Price Fixing

Price-fixing occurs when competitors collaborate to control or manipulate prices of goods or services. This can happen without a specific price agreement, including, without limitation, any form of understanding or implied consensus aimed at influencing product or service prices. Such violations of antitrust laws can be proven through indirect or economic evidence, not necessarily requiring direct proof. 

Price-fixing encompasses various aspects that impact prices, such as shipping charges, warranties, discount policies, and financing terms. It also extends to employers who conspire to restrict employee recruitment or manipulate employment terms, affecting both buyers and sellers. Price-fixing is considered illegal in these contexts.

Bid Rigging

Bid-rigging involves collusion among parties to pre-determine the winner of a bid, often seen in industries where contracts are obtained through competitive bidding, such as government contracts or real estate projects. This practice disrupts the intended free-market competition. 

Bid-rigging can take various forms, such as complementary bidding, where competitors submit non-competitive bids to ensure that a party wins, while maintaining the illusion of fairness. This strategy, often repeated over time, ensures each conspirator eventually benefits from the scheme, undermining the essence of competitive bidding.

Supply Agreements

In antitrust and unfair competition law, it’s not only pricing strategies that can constitute a violation. Collusion among competitors to manipulate the supply of goods or services is also considered unlawful. This includes agreements to increase, maintain, or decrease supply levels, paralleling the illegal nature of price fixing. Both actions distort the market’s competitive landscape and are prohibited under antitrust laws.

Customer Allocations or Market Division

Customer allocation or market division involves anticompetitive agreements where competitors divide or allocate markets among themselves. These schemes become legally questionable when there is an agreement to segregate customers, products, services, or geographical areas, disrupting fair market competition. Such practices infringe upon antitrust laws, as they restrict free market dynamics by dividing market territories or customer bases among competing entities.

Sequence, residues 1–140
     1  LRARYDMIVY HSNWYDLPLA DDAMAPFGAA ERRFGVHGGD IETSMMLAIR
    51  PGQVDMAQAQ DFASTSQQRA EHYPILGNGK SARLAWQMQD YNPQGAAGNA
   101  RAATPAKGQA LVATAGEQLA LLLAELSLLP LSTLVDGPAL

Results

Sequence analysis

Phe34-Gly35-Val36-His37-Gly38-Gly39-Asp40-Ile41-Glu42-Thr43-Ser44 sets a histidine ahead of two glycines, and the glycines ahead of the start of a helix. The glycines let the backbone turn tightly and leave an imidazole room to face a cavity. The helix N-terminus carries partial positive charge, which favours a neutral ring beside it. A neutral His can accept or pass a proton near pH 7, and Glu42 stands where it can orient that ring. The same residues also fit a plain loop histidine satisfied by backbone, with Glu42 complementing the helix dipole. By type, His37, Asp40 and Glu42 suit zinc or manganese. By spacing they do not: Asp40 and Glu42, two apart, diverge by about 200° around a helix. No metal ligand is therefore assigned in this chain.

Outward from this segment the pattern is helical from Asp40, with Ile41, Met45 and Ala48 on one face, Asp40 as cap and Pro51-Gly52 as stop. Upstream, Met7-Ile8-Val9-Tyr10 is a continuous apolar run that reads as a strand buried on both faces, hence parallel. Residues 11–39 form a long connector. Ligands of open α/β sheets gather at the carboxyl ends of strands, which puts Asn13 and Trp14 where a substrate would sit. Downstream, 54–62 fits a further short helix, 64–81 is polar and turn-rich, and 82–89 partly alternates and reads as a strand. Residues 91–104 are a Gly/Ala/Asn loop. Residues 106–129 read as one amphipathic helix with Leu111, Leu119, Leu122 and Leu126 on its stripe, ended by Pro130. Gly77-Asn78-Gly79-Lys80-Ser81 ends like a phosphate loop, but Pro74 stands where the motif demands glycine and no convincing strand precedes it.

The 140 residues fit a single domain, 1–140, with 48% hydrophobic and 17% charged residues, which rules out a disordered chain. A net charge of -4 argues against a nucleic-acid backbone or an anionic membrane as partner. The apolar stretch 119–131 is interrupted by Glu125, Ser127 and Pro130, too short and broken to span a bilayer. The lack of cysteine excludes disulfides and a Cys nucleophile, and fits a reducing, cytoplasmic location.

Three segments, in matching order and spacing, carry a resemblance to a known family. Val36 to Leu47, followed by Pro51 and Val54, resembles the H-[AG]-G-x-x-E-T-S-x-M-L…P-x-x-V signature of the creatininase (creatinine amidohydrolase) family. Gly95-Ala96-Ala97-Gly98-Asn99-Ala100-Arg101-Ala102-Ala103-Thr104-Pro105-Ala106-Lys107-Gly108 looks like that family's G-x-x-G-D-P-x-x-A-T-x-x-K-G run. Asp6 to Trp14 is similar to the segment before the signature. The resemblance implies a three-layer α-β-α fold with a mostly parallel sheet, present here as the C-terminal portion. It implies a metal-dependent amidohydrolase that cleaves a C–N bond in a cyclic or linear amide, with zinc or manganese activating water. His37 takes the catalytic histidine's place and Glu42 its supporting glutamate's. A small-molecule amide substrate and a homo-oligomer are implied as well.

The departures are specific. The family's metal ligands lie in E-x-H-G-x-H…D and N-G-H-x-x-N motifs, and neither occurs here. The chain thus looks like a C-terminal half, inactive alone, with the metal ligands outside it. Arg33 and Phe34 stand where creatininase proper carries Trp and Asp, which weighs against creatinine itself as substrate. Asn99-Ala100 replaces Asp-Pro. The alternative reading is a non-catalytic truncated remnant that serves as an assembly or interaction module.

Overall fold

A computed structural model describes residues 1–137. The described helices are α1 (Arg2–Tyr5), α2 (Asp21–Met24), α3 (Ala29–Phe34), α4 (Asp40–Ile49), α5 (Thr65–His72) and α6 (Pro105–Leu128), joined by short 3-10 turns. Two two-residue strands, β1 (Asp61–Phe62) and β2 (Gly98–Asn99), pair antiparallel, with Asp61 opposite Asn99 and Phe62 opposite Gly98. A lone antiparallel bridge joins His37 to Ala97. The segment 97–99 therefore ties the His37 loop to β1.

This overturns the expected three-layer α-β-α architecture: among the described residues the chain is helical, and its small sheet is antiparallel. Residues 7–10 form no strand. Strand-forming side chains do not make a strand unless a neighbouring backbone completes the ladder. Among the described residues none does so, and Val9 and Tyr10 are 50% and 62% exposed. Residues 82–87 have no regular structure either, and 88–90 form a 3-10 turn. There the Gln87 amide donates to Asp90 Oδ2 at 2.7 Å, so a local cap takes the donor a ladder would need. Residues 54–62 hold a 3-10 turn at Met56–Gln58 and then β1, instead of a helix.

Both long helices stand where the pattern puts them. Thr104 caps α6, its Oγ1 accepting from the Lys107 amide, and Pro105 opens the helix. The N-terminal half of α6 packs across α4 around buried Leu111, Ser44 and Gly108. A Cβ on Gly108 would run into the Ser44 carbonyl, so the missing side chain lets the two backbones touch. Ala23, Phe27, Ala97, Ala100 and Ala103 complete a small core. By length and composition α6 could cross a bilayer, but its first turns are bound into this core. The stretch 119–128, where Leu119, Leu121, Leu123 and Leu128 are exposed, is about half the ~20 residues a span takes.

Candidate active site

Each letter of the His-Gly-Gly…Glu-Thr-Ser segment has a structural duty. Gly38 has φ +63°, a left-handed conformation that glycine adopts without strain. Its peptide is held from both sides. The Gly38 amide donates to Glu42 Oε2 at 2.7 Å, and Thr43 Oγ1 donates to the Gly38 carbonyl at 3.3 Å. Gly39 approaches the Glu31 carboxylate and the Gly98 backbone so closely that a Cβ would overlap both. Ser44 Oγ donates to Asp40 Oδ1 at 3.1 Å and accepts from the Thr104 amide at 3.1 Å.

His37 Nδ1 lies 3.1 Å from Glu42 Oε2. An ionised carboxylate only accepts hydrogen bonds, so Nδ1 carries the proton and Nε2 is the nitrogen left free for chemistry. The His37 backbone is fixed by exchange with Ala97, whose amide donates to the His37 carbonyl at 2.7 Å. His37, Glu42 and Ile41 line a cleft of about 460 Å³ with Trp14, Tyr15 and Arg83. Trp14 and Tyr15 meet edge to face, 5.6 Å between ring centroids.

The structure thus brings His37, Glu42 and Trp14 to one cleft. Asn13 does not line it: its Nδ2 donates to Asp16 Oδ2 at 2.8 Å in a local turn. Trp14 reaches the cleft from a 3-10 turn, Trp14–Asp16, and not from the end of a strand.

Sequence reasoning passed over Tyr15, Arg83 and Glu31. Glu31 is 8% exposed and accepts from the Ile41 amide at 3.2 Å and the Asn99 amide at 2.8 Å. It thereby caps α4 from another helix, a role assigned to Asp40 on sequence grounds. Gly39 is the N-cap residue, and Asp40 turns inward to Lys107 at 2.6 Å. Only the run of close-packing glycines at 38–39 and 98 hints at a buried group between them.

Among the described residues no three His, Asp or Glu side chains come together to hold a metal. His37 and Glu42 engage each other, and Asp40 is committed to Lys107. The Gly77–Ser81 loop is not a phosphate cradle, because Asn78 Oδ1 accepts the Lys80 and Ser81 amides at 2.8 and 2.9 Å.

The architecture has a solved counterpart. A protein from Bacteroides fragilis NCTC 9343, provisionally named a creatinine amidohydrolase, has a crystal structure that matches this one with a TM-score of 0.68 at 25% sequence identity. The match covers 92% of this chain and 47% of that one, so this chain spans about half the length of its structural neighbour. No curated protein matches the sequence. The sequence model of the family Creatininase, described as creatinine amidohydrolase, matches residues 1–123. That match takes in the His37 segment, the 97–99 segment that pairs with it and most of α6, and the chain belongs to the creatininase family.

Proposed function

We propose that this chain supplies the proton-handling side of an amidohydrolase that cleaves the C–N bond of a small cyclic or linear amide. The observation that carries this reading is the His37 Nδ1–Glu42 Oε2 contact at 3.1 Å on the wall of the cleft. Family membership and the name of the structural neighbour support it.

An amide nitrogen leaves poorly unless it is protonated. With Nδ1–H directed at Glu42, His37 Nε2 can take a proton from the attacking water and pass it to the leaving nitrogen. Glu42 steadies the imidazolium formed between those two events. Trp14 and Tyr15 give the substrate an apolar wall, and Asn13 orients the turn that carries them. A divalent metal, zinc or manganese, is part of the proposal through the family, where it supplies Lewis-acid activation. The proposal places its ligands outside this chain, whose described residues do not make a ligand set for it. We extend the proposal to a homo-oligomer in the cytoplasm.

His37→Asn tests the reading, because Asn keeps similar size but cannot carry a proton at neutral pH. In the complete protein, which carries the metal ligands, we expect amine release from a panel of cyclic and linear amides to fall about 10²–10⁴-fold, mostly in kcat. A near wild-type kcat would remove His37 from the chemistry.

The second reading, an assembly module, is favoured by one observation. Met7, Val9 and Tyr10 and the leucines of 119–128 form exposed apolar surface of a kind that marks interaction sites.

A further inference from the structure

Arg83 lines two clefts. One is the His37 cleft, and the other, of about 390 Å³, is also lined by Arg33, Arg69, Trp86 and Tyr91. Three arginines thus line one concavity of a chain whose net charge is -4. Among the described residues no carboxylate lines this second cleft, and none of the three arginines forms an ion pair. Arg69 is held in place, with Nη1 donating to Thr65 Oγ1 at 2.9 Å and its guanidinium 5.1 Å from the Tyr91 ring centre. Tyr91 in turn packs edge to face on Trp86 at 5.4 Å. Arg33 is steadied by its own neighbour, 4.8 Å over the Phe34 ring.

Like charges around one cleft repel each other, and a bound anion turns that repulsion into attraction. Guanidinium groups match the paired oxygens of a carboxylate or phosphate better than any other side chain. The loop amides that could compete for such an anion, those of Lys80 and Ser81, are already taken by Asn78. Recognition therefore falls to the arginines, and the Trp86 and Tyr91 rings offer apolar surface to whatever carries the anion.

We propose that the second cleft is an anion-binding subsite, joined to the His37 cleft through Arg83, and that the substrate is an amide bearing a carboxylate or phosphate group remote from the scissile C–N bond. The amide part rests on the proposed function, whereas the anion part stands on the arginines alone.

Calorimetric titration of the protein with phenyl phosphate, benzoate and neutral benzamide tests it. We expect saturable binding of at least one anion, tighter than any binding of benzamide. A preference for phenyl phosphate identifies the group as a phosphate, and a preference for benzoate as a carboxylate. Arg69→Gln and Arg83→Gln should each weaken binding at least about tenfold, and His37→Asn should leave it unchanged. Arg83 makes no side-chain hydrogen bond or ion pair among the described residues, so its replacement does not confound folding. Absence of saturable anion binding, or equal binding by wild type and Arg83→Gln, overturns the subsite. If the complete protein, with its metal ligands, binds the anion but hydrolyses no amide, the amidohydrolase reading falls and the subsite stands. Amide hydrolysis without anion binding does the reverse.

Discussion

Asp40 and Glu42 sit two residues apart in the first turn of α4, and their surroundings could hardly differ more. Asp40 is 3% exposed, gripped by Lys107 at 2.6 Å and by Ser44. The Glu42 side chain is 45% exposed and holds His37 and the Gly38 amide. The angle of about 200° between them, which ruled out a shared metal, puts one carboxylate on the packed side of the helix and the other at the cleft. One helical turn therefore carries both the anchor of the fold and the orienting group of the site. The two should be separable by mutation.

Group Boycotts

Group boycotts occur when competitors collectively agree to exclude a party from the market, often by refusing to conduct business with them. This anti-competitive behavior aims to marginalize another competitor, supplier, or customer, disrupting the principles of fair market competition.


In antitrust law, tying refers to situations where a business with market power or monopoly power conditions the sale of one product or service on the purchase of another. This practice, often deemed as “per se” liability, includes, without limitation, bundling or mandating the joint sale of distinct goods or services. Negative tying also arises when a business prohibits another entity from engaging with competitors, further complicating the competitive landscape.

Information Sharing

In antitrust law, sharing sensitive information among competitors, even through intermediaries, such as consultants or trade associations, can lead to liability. This encompasses a range of data, from pricing to research and development. The legality of such information sharing depends on various factors, including, without limitation, the role of third parties in data collection, the anonymity of data sources, the type of data (historical, current, or prospective), market share of the data providers, public availability of the data, access fees, and whether the product or service is a commodity. The legality often hinges on the competitive effects of the exchange, and if it facilitates price-fixing, it could be illegal under a “per se” analysis.

Standard Setting and Purported Best Practices

Trade associations that develop product or service standards must have legitimate business justifications. If competitors collude to set standards without such justifications, particularly if these standards exclude others, it may result in legal liability. This principle also applies to professional associations’ standards of conduct or responsibility. These must be reasonably designed for public protection; if used to limit competition, they could lead to legal liabilities.